Thamizh Talkies: The triumph of a good story
The writer is a producer and art curator
A chance lunch post a recent film shoot led to a bunch of us talking about the kind of films doing well at the box-office right now. One of us, who had not seen any of the recent films but was aware of the euphoria connected with big releases, asked: “What kind of movies do well these days? KGF 2 and Vikram (larger-than-life) kinds or feel-good films (real, smaller scale)?” An ace filmmaker and an upcoming director were part of this discussion. The ace filmmaker said, “Frankly, no one knows, because what emotion/story works inside the movie hall doesn’t seem to work when we see the same film in our living room.” The upcoming director said, “I’m yet to make a film, but when I do, it will be in the ‘feel-good’ zone.”
The question that arose in my head was, “Do feel-good movies have the reach and appeal of larger-than-life films?” I’m sure every producer now wants to be in Kamal Haasan’s shoes, following the resounding success of Vikram. Multi-starrer movies will be the order of the day, but it’s not easy to assemble a cast of solid acting names without say, that one call from the Haasan's desk for which a Suriya will do his thumping ‘mass’ appearance. Lokesh Kanagaraj’s evocative achievement (in my humble opinion) with Vikram is to have the heroes shed their existing ‘image’ and make them play many shaded (and in Suriya’s case a full-on villain) characters. In any mass appeal movie, there is also the music, mainly the songs which play a major role in indicating whether a film has the potential to be a ‘repeat view’ success or garner crores of views on YouTube. Both ‘repeat views’ and ‘quick views’ mean something to the success of a film. So then, the question here is, “Does a filmmaker write his next story with all these success factors in mind, or is the film made to remain true to its setting and mood?”
The question answers itself. Irrespective of the scale of the film, irrespective of the pressure of making a song a super hit or the trailer acquiring a million views, what makes a film appealing, is when the characters, setting, and performances are true to its story. Whether it’s a large-scale suspension-of-reality film or a small-scale relationship movie, the emotions will have to be true to its story. Vikram and KGF have a protagonist who’s had to sacrifice much in order to have the final victory. Both films show mass action moments and have highs that work when one watches the film in the theatre along with a responsive audience. When one watches the same ‘mass’ film at home, the scenes will still have to work; the emotions will still have to appeal to the individual as it does to the crowd. That’s when a film can be deemed as a good movie.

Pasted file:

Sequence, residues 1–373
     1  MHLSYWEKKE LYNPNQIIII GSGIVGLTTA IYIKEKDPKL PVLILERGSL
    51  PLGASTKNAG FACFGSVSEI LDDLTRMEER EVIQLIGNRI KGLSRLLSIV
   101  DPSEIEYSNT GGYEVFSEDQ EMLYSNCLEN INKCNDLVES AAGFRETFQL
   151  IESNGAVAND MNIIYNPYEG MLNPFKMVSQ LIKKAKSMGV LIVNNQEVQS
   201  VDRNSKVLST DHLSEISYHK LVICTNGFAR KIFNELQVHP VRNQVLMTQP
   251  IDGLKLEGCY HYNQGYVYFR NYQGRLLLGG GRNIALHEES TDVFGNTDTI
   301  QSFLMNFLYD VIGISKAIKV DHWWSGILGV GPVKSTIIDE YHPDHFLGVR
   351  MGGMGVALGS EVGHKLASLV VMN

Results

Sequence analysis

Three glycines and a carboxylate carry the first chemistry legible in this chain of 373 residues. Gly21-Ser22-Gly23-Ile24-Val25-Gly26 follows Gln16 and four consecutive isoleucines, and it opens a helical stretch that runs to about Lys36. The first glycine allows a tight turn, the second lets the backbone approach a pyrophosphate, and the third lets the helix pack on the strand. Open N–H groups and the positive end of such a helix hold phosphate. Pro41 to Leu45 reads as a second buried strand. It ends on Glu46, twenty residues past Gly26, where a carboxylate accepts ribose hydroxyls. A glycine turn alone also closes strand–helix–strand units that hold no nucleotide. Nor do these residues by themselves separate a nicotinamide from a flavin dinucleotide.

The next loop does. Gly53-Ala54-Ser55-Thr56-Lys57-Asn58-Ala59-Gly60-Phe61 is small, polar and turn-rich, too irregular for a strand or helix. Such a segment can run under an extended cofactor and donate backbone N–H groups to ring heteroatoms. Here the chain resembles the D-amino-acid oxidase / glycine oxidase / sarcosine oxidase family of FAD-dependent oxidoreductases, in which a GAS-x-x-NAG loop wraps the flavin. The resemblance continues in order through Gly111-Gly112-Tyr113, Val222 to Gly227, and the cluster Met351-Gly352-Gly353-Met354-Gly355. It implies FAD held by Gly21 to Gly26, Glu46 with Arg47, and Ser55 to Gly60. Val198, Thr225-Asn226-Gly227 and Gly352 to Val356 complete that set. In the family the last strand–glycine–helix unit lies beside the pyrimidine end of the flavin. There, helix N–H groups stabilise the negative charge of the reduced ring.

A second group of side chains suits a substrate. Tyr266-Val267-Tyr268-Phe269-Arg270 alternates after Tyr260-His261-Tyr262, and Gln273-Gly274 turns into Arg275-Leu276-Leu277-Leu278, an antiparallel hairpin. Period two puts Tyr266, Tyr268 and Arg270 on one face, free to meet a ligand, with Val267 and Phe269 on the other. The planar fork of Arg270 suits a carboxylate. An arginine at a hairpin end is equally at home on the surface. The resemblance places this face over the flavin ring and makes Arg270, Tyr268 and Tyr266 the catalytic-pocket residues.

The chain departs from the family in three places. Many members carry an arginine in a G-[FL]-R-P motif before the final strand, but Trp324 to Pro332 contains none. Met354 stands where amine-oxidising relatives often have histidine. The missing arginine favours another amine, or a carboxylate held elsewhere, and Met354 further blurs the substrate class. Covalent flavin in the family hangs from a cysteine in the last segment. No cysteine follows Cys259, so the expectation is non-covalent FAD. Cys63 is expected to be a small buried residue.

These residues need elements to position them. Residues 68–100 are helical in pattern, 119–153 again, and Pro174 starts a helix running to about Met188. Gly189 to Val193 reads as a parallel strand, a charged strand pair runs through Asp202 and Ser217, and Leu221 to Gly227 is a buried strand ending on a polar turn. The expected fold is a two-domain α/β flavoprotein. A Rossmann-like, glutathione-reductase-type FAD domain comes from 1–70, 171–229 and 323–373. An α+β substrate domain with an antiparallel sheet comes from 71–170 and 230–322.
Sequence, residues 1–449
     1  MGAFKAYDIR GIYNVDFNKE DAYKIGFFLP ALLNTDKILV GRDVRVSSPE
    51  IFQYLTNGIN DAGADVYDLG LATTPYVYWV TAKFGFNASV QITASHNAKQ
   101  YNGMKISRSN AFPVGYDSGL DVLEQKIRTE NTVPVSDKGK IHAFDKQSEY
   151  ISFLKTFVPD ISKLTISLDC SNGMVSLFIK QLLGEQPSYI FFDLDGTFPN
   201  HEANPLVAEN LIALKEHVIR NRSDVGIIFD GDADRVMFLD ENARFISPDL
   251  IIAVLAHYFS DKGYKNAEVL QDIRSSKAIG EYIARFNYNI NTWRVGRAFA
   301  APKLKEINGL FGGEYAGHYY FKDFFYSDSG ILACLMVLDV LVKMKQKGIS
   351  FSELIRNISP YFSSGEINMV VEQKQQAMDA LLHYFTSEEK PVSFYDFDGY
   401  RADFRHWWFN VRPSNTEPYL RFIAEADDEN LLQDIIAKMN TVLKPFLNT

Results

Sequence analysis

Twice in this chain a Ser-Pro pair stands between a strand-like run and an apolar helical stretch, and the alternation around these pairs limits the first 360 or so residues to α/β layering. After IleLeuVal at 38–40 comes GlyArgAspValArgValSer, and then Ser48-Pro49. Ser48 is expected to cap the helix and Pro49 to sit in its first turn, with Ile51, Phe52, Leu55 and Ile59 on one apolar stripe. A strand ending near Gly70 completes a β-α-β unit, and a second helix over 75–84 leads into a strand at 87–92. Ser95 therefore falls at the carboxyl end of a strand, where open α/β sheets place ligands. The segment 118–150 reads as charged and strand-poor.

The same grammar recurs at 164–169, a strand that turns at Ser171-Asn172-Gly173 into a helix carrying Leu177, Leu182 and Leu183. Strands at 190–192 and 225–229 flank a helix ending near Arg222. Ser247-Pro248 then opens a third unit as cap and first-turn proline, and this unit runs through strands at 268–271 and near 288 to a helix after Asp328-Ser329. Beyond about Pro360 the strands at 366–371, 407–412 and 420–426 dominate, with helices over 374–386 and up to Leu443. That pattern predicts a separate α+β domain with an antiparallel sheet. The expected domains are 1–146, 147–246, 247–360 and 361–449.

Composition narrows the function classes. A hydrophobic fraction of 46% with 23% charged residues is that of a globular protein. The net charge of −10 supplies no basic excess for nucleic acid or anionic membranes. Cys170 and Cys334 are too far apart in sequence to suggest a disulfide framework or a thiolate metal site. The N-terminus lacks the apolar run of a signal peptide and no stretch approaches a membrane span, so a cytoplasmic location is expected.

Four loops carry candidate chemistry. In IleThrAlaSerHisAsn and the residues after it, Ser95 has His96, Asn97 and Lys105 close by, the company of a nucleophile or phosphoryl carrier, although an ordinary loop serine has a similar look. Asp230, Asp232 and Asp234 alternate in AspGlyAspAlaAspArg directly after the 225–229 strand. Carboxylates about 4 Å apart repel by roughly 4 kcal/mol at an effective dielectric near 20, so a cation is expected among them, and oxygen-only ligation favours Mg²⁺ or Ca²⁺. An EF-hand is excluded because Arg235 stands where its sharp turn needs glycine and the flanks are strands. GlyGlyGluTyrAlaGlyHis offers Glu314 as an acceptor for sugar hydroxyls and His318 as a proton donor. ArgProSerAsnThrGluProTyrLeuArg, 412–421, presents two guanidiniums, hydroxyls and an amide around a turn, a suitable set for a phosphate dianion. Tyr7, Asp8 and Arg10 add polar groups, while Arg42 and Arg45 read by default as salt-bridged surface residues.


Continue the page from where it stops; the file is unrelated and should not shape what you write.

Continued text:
Sivakarthikeyan is seeing a purple patch in his career with back-to-back successes in Doctor and Don. These films don’t belong to the larger-than-life genre, but they do belong to the masala entertainment space, in which there is a bit of everything but there is still one overarching emotion that works (humour in Doctor and sentiment in Don). Sivakarthikeyan’s prowess as an actor comes to the fore in both these films as he tethers these films with his presence and performance. So, does a filmmaker centre a story around an actor? Or around a particular trend? Or cater to what’s doing well in the present moment?
The best answer came from the ace filmmaker (experience, I guess!). “It’s always the story that leads one to make a film; everything else has to stay true to that core.”